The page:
Saturday, February 28, 2009
Boogie Nights; erotic drama, USA, 1997; D: Paul Thomas Anderson, S: Mark Wahlberg, Burt Reynolds, Julianne Moore, John C. Reilly, Don Cheadle, Heather Graham, Philip Seymour Hoffman, William H. Macy, Thomas Jane, Philip Baker Hall, Alfred Molina, Nina Hartley
San Fernando Valley, '77. The 17-year old Eddie works as a dish washer in a night club until porn director Jack Horner discovers his large penis and lets him star in his movies. Eddie finds a new name as Dirk Diggler and makes a stunning career as a porn actor, together with Rollergirl, divorced Amber, Rotchild, Buck and others from Jack's group. But then the 80s start and signal their downfall: Dirk becomes a nervous drug addict, the video shows up and destroys the screening of porn films in theaters, Jack experiments with films while many crew memebers have financial troubles. In the end, Dirk returns to Jack and begs him to forgive him.
You really have to admire Paul Thomas Anderson: for his only 2nd film, at a tender age, he placed his hand in the hornet's nest when he chose to daringly make a film about pornographic industry. "Boogie Nights" is an incredibly brave and ambitious film, a one that 99 % of all respectable directors would avoid in fear that its "low subject" could contaminate the film itself, but Anderson has such an absolute author's vision that he can even show explicit intercourse scenes and make it look as if he is floating above it in superior observation. Maybe the film would have worked differently, even better if he didn't show those erotic scenes from imaginary porn movies at all, but even in this version it seems brilliant, albeit not for conservative viewers, thanks to Anderson's virtuoso direction: in one of those extraordinary moments, a 3 minute long scene shot in one take, William H. Macy's character Little Bill enters Jack's mansion just 3 minutes before New Year, accidentally hits his head on to "Goodbye 70s" sign, goes to the party, and then to a room where he spots his wife once again sleeping with another man for the 100th time, and then looses his patience, exits the building, gets his gun, returns, shots them both and then himself, exactly in tune to the crowd chanting: "5, 4, 3, 2, 1..." to greet the New Year.
It's an amazing scene, but also from the symbolic perspective, since his death also marks the death of the 70s spirit and the start of a new, dark era of 80s where all the characters will experience a tragic faith. The film observes how the 80s marked the return of increasing conservatism and intolerance that caused the decay of the system the protagonists were working in, and yet how they are branded as porn actors and thus can't do any other job. It is unbelievable how the tricky theme was handled with ease and how the long running time just melts away thanks to the energetic execution: thanks to Anderson's passionate obsession with his material and style, "Boogie Nights" are charged from start to finish, and even banal scenes like the one where Buck is picking doughnuts in a store seem fascinating. Still, even though the lost focus towards the rather chaotic end is not a problem, the viewers sense that it should have been, and the screenplay is at times rather repetitive. All the actors were well picked, from Mark Wahlberg as the main actor up to real porn actress Nina Hartley, but the best job was delivered by Burt Reynolds, who was given several awareds as best supporting actor as porn director Jack Horner who just wanted to make an artistic porn film that would intrigue the audience more with its story than its nudity. Maybe Horner didn't achieve it, but Anderson did.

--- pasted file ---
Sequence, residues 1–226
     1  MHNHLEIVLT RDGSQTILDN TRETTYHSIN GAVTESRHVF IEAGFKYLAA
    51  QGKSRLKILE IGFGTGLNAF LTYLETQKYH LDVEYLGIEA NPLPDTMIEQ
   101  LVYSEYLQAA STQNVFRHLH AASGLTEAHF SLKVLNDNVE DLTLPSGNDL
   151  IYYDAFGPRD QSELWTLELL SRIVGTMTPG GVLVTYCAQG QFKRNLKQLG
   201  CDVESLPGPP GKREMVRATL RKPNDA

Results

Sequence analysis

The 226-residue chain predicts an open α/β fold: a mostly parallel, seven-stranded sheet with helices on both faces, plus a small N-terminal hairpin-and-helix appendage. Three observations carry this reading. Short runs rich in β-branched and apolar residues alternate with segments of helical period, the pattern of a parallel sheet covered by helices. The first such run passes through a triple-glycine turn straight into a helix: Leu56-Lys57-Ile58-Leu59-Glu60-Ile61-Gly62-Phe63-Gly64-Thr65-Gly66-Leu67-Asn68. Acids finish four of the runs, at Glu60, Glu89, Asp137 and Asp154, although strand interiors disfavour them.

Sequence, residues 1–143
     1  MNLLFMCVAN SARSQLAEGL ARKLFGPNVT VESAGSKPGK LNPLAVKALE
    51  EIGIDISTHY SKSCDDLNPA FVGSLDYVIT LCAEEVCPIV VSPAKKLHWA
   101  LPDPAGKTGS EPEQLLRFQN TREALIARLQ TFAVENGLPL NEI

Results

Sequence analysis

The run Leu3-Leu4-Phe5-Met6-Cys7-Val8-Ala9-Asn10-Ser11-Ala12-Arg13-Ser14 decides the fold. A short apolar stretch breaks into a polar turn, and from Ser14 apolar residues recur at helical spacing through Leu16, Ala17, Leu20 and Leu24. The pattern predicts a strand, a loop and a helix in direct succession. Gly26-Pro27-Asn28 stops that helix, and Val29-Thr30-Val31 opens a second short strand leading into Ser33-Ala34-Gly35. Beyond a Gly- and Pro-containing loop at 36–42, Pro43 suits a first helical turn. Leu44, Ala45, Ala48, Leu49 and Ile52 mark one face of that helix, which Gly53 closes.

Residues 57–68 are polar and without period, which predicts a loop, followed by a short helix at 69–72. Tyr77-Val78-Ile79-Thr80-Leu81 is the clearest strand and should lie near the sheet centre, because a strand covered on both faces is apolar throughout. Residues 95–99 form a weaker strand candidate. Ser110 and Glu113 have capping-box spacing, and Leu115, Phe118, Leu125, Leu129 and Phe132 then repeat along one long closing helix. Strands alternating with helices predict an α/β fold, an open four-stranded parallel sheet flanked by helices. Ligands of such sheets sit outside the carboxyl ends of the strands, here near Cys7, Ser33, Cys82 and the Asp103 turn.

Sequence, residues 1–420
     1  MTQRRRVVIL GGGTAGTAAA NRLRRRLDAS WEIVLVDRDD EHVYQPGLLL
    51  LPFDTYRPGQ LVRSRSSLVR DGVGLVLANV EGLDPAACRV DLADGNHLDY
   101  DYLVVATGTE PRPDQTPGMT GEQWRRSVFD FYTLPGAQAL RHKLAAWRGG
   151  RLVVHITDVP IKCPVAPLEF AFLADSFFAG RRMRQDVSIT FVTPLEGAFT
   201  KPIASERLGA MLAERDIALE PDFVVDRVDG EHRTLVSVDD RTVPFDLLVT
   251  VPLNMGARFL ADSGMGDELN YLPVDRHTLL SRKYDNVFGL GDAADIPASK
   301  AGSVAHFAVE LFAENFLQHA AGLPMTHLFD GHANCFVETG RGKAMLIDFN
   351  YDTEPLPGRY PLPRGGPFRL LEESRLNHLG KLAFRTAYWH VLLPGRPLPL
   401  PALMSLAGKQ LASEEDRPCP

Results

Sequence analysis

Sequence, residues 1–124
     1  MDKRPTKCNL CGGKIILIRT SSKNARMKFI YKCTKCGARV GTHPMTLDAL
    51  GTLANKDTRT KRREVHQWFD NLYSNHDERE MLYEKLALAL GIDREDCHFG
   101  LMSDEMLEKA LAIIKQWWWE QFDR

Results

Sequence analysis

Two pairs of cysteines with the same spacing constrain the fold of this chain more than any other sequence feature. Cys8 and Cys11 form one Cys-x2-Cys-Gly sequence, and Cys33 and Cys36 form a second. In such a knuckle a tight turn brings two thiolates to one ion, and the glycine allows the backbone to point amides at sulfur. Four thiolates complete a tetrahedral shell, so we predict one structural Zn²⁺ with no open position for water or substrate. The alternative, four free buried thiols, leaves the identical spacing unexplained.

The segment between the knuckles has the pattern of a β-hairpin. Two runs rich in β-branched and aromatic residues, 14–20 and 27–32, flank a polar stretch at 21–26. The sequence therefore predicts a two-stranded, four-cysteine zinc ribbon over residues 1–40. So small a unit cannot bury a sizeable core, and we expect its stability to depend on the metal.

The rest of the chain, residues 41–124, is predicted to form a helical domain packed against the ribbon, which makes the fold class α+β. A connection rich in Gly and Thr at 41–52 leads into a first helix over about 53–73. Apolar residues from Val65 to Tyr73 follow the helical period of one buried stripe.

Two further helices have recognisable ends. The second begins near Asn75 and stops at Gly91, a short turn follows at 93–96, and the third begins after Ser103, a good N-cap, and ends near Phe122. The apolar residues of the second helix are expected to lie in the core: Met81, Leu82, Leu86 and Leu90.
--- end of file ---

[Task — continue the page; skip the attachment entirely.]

Thursday, February 26, 2009
Sayonara; Drama, USA/ Japan, 1957; D: Joshua Logan, S: Marlon Brando, Patricia Owens, Miiko Taka, James Garner, Red Buttons, Martha Scott, Miyoshi Umeki, Ricardo Montalban
Lloyd Gruver is a US Air Force pilot during the Korean War. He takes a vacation to Kobe, Japan, where he meets his fiance again, Eileen. He also participates at the wedding of his friend Joe Kelly who marries a Japanese girl, Katsumi. Lloyd doesn't support such a mixed marriage, but tolerates it. When Eileen persuades him to watch a play in a Kabuki-theater, he gets fascinated by performer Hana-Ogi. He meets her „accidentally“ numerous times, until she gives in and goes out with him. They start a relationship. But the military is against interracial marriages and doesn't allow US citizens to bring their Japanese wives to the US. Because of a decree that orders him to return back to the US alone, Kelly commits suicide. Lloyd decides to marry Hana-Ogi and says „Sayonara“ to the military.
The calm and smooth drama „Sayonara“ is even by today's perspective hardly a classic, but its deeply honest and ambitious tone that handles the taboo subject of an inter-racial love relationship and racism still gives it a spark of intrigue. Precisely because of such a serious theme, the movie was very well received by the critics: Marlon Brando and Red Buttons became – until „Lost in Translation“ – the only American actors that were nominated for an Oscar for a film that is entirely set on the territory of Japan, while Buttons and actress Miyoshi Umeki even went on to win the award for best supporting actor and actress. „Sayonara“ leads its story in a refreshingly measured way, whereas all the character developments were handled in a convincing manner, except for the too easy way Hana-Ogi falls in love with Lloyd, which comes more all out of blue than something that seems natural. Joshua Logan's direction is very good, yet today the film still seems dated in some aspects. When compared to another Brando film, „A Streetcar Named Desire“, where Kazan directed almost every scene in an explosive way, „Sayonara“ seems lukewarm at moments. Still, the way the story makes an analysis about one injustice is surprisingly even, the Japanese mentality is handled with adequate care, some details are marvelous (two rocks in the sea connected by a rope are declared to be in „marriage“) while Brando gives one of his most forgotten, touching speeches – when Hana-Ogi, troubled by all the problems that could happen if they get married, asks how their kids will look like, Brando's Lloyd replies with a wonderfully sincere answer that says everything: „They are going to be half Japanese and half American. Half Yellow and half White…They are going to be half you and half me.“